The two literary publications on campus, Write the Ship and the Reflector, celebrated their launch on Thursday, April 21 in Stewart Hall. This event is the first in-person launch party since 2019’s books.
Write the Ship showcases undergraduate students with strong essays. These works span from Intro to Academic Writing to senior-level writing. Professors recommend these pieces and pass them along to student editors.
The Reflector has served as a “hub for student creativity” on campus since 1957 and features submissions from the student body. The Reflector itself has poetry, prose and art, but also puts together separate chapbooks, called SpawningPool, for these specific categories of work.
“These books and student groups not only showcase outstanding student writing, but they also foster community, connection, creative expression and academic excellence,” said Professor Nicole Santalucia, the Reflector’s faculty advisor, as she opened the event with a warm welcome.
“This journal is not just a yearly publication of student art, prose and poetry; it’s a culmination of our identities and emotions,” Megan Gardenhour, the Reflector’s editor-in-chiefsaid. “As we transition from a virtual space into this new era, it has been fascinating to watch not only myself grow into a new person but also the students around me.” The Reflector has continued sticking together and creating their publications over the pandemic despite the difficulties quarantine presented.
“I’m grateful for everyone who was involved - from the professors who encouraged their students, to the administration for the financial support, and of course to the students who shared their stunning work. It’s because of you all that we’ve been able to see Write the Ship grow and our student scholars shine.”Ashleigh Kennedy, editor of Write the Ship, shared opening remarks expressing her gratitude and the importance of the organization. “Megan and I were overwhelmed by the amount of people who came out to support our publications and the published students,” Kennedy said.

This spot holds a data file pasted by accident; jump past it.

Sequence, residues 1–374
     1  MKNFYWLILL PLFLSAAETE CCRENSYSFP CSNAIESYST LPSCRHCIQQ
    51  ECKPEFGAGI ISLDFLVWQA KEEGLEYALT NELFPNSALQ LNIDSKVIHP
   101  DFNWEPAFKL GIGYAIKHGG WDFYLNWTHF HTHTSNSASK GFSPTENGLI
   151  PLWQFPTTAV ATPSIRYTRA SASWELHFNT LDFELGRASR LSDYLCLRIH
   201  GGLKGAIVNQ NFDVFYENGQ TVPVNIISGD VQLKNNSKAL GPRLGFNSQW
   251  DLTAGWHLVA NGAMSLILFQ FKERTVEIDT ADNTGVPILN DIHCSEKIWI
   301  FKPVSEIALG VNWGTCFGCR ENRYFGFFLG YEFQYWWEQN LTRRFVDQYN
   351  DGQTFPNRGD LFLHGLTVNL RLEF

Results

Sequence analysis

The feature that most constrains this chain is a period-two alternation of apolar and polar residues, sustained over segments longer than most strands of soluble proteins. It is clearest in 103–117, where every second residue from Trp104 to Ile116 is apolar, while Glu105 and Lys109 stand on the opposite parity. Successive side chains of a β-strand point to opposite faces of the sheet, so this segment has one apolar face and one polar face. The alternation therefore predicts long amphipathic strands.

Awards were given to many students throughout the night. Lesly Brown, Dean of the College of Arts and Sciences, awarded three Reflector submissions with the D’Orazio-Carragher Prize of Excellence. Sydnie Simmons won first place for her poem, ‘Sorry.’ April Petesch took home second place for ‘Monster in the Closet,’ a prose piece, and ‘What Line Can Convey 1,’ an art piece by Darran Edmonds, secured third place.
Tom Ormond, Provost & Vice President for Academic Affairs, gave out awards for exemplary work in Write the Ship. Brian Atkinson won a Provost Award for the College of Arts and Sciences, Chase Slenker for College of Business, Robert Roush IV for the College of Education and Human Services and Darran Edmonds for painting Write the Ship’s cover art.
The Academy of American Poets Award was given by professor Jordan Windholz to Asheleigh Kennedy. Isabella Brignola and Megan Gardenhour were also recognized for runners up. This is Kennedy’s second time winning this honor for her poetry.
After awards, the floor was given to students’ published work. Members of the Reflector and Write the Ship stepped up to share the work that appears in the collection aloud. Dale Crowley, Ashleigh Kennedy, Sydie Simmons, Isabella Brignola, Piper Kull and Megan Gardenhour read their poetry to the audience. Write the Ship speakers Ashley Ott, Chase Slenker, Emily Dziennik, Kayla Kunkel and Jay Harnish shared brief segments of their essays and literature reviews. Petesch also read her award-winning prose piece.
“It was really thrilling to finally be able to have our launch party in person again after two years of having online launches,” Hannah Cornell, the Reflector’s current associate editor said. “It really is our most important event and it brings together so many talented and dedicated people to share and celebrate all the hard work that everyone has put in to make the Reflector and Write the Ship a reality.”
Cornell and Reflector Public Relations chair Autumn Jones both passed the torch to next year’s executive board. Gardenhour will remain the head editor and is joined by new associate editor Emily Dziennik and PR chair Alaina Conaway. The Reflector’s genre editors and 2021-2022 E-board shared closing remarks, and the night ended with food and merriment.
“The party was genuinely one of my favorite moments at Ship to date,” Kennedy said. Members of both organizations also noted how wonderful it was to be together in-person for this launch. Many members of the English department, President Patterson and Colleen Patterson and members’ families were in attendance. The room was incredibly supportive, and after the readings, everyone enjoyed light refreshments and book signings.
“If you missed the event, you missed hearing the cadence of students reading essays about biochemistry that sound like poetry; you missed the intricacies of poetry that remind us to pause and embrace our humanity; you missed hearing from so many students who communicate and write beautifully,” Santalucia said post-launch.
The event brought together many writers, poets and artists, but more importantly, brought together many creative minds. Write the Ship and the Reflector are available outside of DHC 002 or the Reflector Office in Horton Hall.